Aura Mason Frame review

A high-resolution digital photo frame with a gorgeous design

Aura Mason Frame review
Editor's Choice
(Image: © Tom's Guide)

Tom's Guide Verdict

The Aura Mason Frame is a family photo’s dream, offering a high resolution screen on a stable sculpted base. What it lacks in flashy features, it makes up in outstanding image quality and ease of use.


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    Gorgeous high-resolution screen

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    App controls image posting and other features

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    Compatible with Apple’s Live Photos

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    Integrates with Google Photos and iCloud

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    Supports both photos and videos


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    Ambient light sensor can be finicky

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    No ports or internal storage

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Aura Mason Frame review: Specs

Resolution: 1600 x 1200
Dimensions: 9.7 x 7.6 x 1.9 inches
Wi-Fi: Yes
Touch screen: No
Remote: No
Built-in storage: No
Motion sensor: No
Music player: No
Video: Yes
USB/SD slots: No/No
Cloud Services: iCloud, Google Photos

The first thing you notice about the Aura Mason Frame is its superlative image quality. While many digital frames accurately boast clear, bright image rendition, there’s a profound qualitative difference in viewing your photos on the Aura Mason frame.

Images on the Aura Mason are a joy to behold with deep, true colors, and intricate details. But while we love the look of our photos, there are a few things that it doesn’t have. Read the rest of our Aura Mason review to find out if this is the best digital photo frame for you.

Aura Mason Frame review: Price and availability

The Aura Mason Frame, at $199, comes in two neutral colors on a free-standing base design – Graphite or White Quartz, paired with a high quality braided cord, which together form a beautiful and artistic addition to any room.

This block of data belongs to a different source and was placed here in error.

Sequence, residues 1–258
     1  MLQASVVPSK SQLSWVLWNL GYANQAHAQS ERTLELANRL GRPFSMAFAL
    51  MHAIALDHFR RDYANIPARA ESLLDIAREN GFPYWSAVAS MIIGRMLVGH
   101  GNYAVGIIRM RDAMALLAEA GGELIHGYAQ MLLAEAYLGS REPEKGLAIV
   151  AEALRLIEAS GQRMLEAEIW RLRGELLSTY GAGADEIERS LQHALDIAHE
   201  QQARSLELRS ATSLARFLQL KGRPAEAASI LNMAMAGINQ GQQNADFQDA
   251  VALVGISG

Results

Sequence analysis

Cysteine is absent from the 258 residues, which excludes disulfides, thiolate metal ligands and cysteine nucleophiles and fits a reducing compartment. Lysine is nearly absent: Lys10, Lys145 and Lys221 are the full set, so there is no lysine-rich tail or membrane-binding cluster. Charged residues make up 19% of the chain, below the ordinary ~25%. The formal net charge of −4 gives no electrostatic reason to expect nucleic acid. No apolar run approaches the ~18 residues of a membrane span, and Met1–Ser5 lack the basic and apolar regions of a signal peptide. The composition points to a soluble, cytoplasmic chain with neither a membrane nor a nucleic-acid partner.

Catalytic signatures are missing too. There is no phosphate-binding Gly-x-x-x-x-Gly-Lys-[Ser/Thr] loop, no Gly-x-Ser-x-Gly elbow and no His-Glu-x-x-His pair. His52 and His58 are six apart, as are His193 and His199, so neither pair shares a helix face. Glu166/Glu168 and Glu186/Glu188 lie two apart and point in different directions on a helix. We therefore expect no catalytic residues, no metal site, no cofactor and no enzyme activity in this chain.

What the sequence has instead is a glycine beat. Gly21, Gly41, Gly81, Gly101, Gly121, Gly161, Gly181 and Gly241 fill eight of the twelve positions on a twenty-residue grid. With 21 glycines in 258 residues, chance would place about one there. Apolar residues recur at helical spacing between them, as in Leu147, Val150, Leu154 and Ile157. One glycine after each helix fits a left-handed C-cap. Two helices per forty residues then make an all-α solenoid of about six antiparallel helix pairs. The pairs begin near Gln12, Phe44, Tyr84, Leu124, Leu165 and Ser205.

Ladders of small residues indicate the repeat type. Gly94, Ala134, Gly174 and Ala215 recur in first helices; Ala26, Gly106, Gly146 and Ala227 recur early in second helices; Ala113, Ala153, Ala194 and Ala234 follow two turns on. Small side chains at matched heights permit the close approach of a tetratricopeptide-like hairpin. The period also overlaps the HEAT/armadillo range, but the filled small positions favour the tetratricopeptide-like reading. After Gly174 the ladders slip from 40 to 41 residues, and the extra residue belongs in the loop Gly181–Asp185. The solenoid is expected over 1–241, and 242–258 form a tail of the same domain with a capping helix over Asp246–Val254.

Aura Mason Frame review: Design and interface

The Aura Mason’s sculpted back and wide edge give it a solid footing on a table or shelf in either portrait or landscape orientation. It rests on a secure flat edge, so there’s no fiddling with unstable external pegs to balance the frame. It is not designed as a wall frame, but rather a quiet, ambient display for both photos and videos. It also supports audio output. 

There’s no touch screen — and thus no finger smudges to mar the view. Instead, the frame operates by swiping two touch bars — one on top and the other on the side of the unit.

Aura Mason Frame review

(Image credit: Tom's Guide)

Swipe on the top to rotate images, and press and hold to close the app, remove an image, or manually turn the frame on or off. A swipe up from the side of the frame gives you the embedded geolocation, date the photo was shot, and who shared it to the frame.

Aura Mason Frame review: Image quality

At a relatively small nine inches, the Mason’s 4:3 aspect ratio and 1600 x 1200 pixel resolution set this frame apart. Viewing your images on it is like the difference between non-glare and clear reflective glass — what it lacks in pop is replaced with depth. Colors are vivid, but realistic and details are exquisite. Viewing angles are as good as it gets, where even at 80 degrees, images look clear and bright.